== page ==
February 25, 2014 |
Tablet, game console, smart TV -- the Snakebyte Vyper tries to be all three. With a video game controller, a wireless remote and a dock that connects to TVs, the Vyper is unlike other 7-inch tablets on the market. The gizmo is designed to be used like a traditional tablet when users have it in their hands, but can also be used as an entertainment system when it is plugged into its dock. PHOTOS: Five ways the Samsung Gear 2 is better than its predecessor The dock sends the Android tablet's video signal to users' TVs through an HDMI cable, allowing them to stream content from apps such as YouTube and Netflix and watch it on their large screens.
February 23, 2014 |
Unless you buy your smartphones and mini-tablets in Mexico, the Caribbean or Central and South America, chances are you've never heard of InfoSonics Corp. The San Diego company designs, manufactures and sells wireless handsets and other devices, such as tablets, to other manufacturers, distributors and consumers. Its research and development center is in Beijing. The company also maintains a small quality-control office in Shenzhen, China, close to its manufacturing facilities.
January 25, 2014
Re "Handing out iPads isn't enough," Opinion, Jan. 19 Although the idea of providing access to technology by giving iPads to students is being considered and implemented in some school districts - namely, Los Angeles Unified - the thought of giving children expensive electronics with no performance expectations violates everything we know about good parenting. Why not take advantage of the powerful incentive these tablets provide and set academic expectations for earning them?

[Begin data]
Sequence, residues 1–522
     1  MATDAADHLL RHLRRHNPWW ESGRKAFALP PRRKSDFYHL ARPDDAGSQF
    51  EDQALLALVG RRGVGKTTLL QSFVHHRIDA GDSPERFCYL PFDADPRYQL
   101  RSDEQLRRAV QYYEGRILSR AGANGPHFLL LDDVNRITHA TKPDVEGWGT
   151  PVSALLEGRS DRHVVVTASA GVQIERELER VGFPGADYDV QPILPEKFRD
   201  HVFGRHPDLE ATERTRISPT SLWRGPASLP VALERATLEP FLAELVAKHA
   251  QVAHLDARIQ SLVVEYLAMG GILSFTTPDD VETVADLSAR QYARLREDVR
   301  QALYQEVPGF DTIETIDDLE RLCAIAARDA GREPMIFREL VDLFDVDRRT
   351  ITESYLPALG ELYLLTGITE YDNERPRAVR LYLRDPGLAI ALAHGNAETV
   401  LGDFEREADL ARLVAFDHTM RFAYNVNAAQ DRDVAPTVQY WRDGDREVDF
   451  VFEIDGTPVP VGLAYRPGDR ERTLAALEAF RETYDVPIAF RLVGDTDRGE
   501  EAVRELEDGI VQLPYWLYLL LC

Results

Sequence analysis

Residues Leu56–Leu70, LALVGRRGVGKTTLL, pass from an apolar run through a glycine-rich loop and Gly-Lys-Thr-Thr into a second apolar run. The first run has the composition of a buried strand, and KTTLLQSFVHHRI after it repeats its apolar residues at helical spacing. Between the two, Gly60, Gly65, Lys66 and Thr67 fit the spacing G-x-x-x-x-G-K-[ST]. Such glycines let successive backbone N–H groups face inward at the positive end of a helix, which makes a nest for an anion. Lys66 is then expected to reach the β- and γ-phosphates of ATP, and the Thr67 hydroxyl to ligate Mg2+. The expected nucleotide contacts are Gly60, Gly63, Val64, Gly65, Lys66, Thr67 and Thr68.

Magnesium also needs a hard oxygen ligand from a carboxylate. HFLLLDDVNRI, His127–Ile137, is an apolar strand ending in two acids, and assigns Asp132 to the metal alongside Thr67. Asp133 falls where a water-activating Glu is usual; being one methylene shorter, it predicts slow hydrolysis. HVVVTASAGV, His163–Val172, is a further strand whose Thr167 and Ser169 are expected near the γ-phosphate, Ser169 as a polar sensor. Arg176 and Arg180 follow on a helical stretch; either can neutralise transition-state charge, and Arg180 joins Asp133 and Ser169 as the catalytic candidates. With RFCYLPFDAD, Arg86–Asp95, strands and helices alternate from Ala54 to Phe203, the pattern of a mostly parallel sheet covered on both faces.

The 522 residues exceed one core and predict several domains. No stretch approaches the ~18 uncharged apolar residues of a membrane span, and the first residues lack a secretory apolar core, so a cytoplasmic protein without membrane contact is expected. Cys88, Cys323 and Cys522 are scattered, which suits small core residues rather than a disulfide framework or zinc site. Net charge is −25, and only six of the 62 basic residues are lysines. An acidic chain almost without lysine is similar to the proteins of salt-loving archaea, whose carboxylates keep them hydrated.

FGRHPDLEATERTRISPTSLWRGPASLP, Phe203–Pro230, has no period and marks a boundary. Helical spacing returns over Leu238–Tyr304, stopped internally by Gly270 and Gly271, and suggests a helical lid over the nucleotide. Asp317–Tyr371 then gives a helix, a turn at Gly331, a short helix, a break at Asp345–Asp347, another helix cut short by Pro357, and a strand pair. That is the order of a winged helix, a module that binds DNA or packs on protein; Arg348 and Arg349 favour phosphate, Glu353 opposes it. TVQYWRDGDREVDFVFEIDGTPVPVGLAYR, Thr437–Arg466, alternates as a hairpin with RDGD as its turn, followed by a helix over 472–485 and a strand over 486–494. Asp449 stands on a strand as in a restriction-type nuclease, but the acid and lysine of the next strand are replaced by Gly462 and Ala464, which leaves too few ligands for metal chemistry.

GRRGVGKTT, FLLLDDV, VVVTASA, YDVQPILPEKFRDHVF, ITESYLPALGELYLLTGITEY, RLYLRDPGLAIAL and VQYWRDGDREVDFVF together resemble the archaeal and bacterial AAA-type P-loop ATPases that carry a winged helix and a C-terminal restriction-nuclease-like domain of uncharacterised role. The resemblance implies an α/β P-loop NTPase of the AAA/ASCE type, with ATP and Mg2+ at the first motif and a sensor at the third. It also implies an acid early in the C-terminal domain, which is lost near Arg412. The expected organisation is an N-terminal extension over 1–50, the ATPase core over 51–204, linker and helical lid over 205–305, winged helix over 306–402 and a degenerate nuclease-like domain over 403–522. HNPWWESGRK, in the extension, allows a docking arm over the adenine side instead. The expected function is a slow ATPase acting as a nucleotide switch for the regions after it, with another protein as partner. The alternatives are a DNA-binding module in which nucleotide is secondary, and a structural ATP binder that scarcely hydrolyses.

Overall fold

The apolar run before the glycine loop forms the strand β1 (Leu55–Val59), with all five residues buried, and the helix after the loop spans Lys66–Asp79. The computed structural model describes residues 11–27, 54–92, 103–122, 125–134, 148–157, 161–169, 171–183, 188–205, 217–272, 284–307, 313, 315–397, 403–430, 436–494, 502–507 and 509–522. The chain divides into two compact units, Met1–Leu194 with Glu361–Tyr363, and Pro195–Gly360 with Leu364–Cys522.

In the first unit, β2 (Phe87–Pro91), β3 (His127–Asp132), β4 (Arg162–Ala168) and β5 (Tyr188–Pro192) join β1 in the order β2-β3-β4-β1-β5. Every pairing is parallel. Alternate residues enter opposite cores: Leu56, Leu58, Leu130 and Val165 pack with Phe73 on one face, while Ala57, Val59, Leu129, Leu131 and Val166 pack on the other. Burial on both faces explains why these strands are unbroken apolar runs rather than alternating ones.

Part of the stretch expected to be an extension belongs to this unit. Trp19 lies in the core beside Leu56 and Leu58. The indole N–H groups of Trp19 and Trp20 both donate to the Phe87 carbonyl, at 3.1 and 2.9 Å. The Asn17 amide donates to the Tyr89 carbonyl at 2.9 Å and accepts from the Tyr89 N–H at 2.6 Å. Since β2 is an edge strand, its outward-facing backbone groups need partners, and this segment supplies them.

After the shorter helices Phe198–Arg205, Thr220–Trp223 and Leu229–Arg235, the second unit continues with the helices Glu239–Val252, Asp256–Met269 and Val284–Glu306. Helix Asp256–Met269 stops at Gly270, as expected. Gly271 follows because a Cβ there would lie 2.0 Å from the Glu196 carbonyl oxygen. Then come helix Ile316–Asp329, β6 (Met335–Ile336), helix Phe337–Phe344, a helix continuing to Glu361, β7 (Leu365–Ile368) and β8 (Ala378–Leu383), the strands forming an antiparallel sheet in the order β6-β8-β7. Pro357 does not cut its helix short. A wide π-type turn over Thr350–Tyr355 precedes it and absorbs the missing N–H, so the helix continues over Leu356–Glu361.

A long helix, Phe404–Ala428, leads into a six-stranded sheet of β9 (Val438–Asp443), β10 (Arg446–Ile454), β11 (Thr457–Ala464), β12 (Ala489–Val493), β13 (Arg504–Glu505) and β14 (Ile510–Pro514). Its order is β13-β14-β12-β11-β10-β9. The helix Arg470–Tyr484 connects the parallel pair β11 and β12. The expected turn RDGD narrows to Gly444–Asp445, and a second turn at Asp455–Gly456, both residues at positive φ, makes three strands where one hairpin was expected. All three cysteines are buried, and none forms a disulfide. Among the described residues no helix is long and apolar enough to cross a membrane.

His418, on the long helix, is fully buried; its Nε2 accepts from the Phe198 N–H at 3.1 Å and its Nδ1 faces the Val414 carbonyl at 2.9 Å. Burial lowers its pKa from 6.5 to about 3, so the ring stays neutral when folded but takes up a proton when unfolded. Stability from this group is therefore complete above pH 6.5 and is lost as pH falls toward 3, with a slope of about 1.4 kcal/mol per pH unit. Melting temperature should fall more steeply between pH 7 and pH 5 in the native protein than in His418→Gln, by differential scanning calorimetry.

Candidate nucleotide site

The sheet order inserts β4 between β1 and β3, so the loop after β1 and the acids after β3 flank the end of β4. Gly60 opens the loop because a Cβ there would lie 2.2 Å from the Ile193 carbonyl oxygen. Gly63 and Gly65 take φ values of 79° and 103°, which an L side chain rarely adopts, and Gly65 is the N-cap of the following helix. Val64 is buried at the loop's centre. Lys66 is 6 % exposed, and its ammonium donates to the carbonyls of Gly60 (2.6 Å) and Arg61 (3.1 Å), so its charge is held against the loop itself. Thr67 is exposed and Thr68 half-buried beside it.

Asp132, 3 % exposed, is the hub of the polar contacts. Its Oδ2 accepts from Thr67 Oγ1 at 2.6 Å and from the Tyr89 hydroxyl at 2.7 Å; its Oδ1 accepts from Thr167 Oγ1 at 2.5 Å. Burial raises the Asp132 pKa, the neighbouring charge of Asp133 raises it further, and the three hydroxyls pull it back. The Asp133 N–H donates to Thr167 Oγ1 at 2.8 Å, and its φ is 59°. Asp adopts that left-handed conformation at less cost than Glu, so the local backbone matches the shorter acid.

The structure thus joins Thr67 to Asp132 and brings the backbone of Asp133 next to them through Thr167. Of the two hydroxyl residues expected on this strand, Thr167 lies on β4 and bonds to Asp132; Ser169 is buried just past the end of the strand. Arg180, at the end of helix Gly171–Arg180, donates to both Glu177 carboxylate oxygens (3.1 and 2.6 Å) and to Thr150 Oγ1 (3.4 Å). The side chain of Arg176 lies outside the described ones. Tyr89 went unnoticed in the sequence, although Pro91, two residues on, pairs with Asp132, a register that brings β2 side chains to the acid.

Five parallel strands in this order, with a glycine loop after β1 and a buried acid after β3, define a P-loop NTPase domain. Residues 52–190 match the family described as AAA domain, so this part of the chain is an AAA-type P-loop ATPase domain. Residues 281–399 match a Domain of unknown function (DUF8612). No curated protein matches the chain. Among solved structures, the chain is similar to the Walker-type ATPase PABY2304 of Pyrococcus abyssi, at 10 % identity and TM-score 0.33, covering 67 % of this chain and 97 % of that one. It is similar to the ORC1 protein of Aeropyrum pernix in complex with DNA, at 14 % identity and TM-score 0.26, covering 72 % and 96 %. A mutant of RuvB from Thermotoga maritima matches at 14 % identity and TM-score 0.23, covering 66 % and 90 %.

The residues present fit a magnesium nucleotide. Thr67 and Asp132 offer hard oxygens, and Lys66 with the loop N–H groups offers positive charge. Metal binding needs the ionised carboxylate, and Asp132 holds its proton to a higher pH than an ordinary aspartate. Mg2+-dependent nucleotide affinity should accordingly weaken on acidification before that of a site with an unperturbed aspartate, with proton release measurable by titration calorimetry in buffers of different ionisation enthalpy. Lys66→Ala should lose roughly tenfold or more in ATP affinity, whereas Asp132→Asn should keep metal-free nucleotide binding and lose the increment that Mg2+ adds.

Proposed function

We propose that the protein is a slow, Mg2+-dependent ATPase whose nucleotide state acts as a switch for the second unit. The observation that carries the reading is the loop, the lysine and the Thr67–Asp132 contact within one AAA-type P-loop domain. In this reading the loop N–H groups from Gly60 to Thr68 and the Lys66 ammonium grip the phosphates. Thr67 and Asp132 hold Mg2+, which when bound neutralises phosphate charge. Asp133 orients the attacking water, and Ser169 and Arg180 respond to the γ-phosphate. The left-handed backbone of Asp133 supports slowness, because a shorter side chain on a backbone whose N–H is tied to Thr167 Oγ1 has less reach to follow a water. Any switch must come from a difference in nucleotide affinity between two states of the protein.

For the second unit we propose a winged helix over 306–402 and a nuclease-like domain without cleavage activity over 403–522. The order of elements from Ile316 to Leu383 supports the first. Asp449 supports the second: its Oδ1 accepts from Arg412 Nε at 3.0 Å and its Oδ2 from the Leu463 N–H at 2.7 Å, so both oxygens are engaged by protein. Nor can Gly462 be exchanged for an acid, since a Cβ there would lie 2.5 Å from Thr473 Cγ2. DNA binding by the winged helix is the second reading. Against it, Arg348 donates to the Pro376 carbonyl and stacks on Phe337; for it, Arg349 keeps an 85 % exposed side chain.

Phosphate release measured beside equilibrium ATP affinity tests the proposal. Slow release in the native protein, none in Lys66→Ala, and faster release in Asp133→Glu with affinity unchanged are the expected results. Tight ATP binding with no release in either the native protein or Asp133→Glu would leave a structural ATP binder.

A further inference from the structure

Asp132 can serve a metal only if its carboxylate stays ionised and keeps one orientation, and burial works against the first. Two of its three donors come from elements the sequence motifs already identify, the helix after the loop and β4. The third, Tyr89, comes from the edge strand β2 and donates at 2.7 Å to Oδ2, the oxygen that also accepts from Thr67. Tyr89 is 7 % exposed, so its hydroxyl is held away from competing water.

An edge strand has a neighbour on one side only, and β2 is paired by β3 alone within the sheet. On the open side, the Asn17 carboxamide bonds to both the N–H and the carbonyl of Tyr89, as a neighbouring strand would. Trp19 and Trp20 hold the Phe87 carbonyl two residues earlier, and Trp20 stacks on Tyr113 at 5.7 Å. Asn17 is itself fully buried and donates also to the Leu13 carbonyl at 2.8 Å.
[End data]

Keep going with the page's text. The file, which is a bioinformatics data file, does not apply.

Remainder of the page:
CALIFORNIA | LOCAL
January 14, 2014 |
Continuing its efforts to provide every student with a computer, the Los Angeles Board of Education on Tuesday agreed to distribute iPads to 38 more campuses, begin the process of purchasing laptops for seven high schools and buy as many tablets as needed for new state tests in the spring. In doing so, the board adopted the proposal of schools Supt. John Deasy rather than following the advice of an oversight panel that had recommended purchasing thousands fewer of the devices. The goal of the $1-billion effort is to provide a computer to every student, teacher and administrator in the nation's second-largest school system.
January 5, 2014 |
A number of forces will combine to drive global consumer spending on technology down 1% in 2014, according to a study by the Consumer Electronics Assn. The projected decline was released Sunday as part of a press day at the International Consumer Electronics Show. CEA hosts CES, and each year offers up a series of reports that examine market trends and offers an outlook for the global consumer electronics market. The picture painted in the latest report is not a pretty one for the industry, according to Steve Koenig, director of industry analysis for the CEA. CES 2014: Follow out full coverage of the Consumer Electronics Show Overall, Koenig said he expected global consumer spending on tech to decline by 1% in 2014, down from about 3% growth in 2013.
January 4, 2014 |
To glimpse the future of consumer electronics, get a grip on the world's first Internet-connected tennis racket. With tiny sensors embedded in the handle, the racket measures a player's strokes, topspin and just about everything else that happens when the ball is struck. All that information is instantly relayed via a wireless Bluetooth connection to a smartphone app. The player can later view and analyze it on the Web. "It's going to be a huge change for the tennis player," said Thomas Otton, director of communications for Babolat, the French tennis company that invented the original cow-gut racket strings 140 years ago. "They are going to have access to all kinds of information and data that will help them progress much faster and have more fun. It's a true revolution.